In many foreign language classrooms, learners are faced with a deluge of information and many of them feel lost as they are unclear of the goals, processes, and strategies for optimizing their learning outcomes. Despite existing research on the role of metacognition in language learning, taking stock of this powerful concept in language teachers’ daily work with second/foreign language learners and providing learners with metacognitive scaffolding become an important pedagogical agenda. In this plenary keynote, I present an overview of the importance of metacognition, illustrating how a metacognitive perspective can contribute to our understanding of learners, learning tasks, and learning strategies for bringing to the fore the crucial role of metacognitive scaffolding in language classrooms. I describe several metacognitive scaffolding strategies that teachers might find useful in planning and execution of their lesson plans in order to help their students to enhance learning effectiveness and achieve higher levels of English proficiency. 

Lawrence Zhang
Lawrence Jun Zhang is Professor of Linguistics-in-Education and Associate Dean, Faculty of Education and Social Work, University of Auckland. As the sole “TESOL Award for Distinguished Research 2010” recipient, he has a particular interest in learner metacognition and has published over 100 articles/reviews/chapters on language learning and teaching.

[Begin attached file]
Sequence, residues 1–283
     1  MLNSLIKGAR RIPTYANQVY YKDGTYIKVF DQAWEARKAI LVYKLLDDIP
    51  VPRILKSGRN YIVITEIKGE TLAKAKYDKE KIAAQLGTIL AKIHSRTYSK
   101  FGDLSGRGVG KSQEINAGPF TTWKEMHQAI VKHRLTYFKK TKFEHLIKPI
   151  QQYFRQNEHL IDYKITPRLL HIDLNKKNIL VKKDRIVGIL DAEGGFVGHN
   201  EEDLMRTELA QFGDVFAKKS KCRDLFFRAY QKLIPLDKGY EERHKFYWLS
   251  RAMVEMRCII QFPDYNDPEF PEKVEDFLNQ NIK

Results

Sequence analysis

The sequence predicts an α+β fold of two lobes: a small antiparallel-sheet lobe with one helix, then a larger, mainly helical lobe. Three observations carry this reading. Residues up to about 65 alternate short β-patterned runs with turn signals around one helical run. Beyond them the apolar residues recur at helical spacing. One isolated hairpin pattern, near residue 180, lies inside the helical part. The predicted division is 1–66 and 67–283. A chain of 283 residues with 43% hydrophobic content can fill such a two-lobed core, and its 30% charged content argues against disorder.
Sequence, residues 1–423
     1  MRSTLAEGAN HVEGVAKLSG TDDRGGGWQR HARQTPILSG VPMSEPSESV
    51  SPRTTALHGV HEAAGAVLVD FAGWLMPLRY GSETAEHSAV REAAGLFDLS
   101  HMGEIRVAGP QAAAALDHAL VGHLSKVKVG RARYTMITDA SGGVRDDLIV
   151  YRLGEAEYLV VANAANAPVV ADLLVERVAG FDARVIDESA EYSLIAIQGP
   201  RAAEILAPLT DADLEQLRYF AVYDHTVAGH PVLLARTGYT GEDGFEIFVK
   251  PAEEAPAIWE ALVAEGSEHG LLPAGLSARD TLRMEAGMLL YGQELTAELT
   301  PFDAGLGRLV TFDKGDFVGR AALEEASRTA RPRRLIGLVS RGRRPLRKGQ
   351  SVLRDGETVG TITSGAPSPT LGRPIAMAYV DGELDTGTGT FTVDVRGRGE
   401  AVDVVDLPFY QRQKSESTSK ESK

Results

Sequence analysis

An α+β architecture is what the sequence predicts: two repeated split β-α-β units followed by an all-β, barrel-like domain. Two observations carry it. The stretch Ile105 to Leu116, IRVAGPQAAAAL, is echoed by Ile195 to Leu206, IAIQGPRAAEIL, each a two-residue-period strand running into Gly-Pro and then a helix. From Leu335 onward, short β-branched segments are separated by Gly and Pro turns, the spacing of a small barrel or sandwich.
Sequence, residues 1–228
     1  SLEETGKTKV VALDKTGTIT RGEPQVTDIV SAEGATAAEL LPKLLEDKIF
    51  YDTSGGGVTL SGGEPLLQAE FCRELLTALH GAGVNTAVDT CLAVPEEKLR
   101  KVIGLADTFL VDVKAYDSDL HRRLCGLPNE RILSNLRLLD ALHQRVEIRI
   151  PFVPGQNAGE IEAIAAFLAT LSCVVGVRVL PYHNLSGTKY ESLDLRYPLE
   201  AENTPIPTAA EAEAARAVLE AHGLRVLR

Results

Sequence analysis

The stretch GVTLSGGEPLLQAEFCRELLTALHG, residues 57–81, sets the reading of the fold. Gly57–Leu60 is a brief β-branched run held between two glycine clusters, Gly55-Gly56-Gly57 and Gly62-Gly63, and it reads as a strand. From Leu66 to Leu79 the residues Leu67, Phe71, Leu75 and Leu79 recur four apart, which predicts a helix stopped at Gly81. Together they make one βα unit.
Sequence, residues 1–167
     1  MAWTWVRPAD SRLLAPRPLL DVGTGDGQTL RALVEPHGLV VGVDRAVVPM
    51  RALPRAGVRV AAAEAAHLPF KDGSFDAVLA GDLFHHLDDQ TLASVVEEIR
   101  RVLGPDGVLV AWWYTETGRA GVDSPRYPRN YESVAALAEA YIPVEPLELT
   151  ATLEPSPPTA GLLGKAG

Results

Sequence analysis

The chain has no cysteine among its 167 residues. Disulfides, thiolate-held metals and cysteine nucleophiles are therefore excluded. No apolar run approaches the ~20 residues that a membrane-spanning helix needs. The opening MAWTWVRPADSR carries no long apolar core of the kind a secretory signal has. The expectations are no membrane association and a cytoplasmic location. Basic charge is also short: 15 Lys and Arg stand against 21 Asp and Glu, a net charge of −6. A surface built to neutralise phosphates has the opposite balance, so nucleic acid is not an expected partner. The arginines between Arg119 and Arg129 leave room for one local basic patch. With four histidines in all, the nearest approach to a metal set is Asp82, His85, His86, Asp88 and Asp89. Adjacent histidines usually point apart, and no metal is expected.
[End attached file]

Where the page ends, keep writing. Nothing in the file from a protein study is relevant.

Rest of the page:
CBI/CLIL: Approaches and Activities for Integrating Language and Content Instruction

JoAnn (Jodi) Crandall, University of Maryland - Baltimore County, Baltimore, Maryland USA

Content-based Instruction (CBI)--also referred to as Content and Language Integrated Learning (CLIL)--has become a major approach for teaching and learning languages for students from primary through secondary and tertiary (university) levels. Each decade since the 1980s has seen dramatic growth in CBI/CLIL globally, with a diversity of program models for different contexts, purposes, and students of different ages and language proficiency levels. In this talk, I will discuss the rationale for using CBI/CLIL, describe a variety of program models, identify characteristics of effective content-based language instruction, and offer some guidelines for choosing content-centered texts and materials. Finally, I will provide examples of activities used by English teachers for learners of all ages and proficiency levels in a variety of contexts around the world.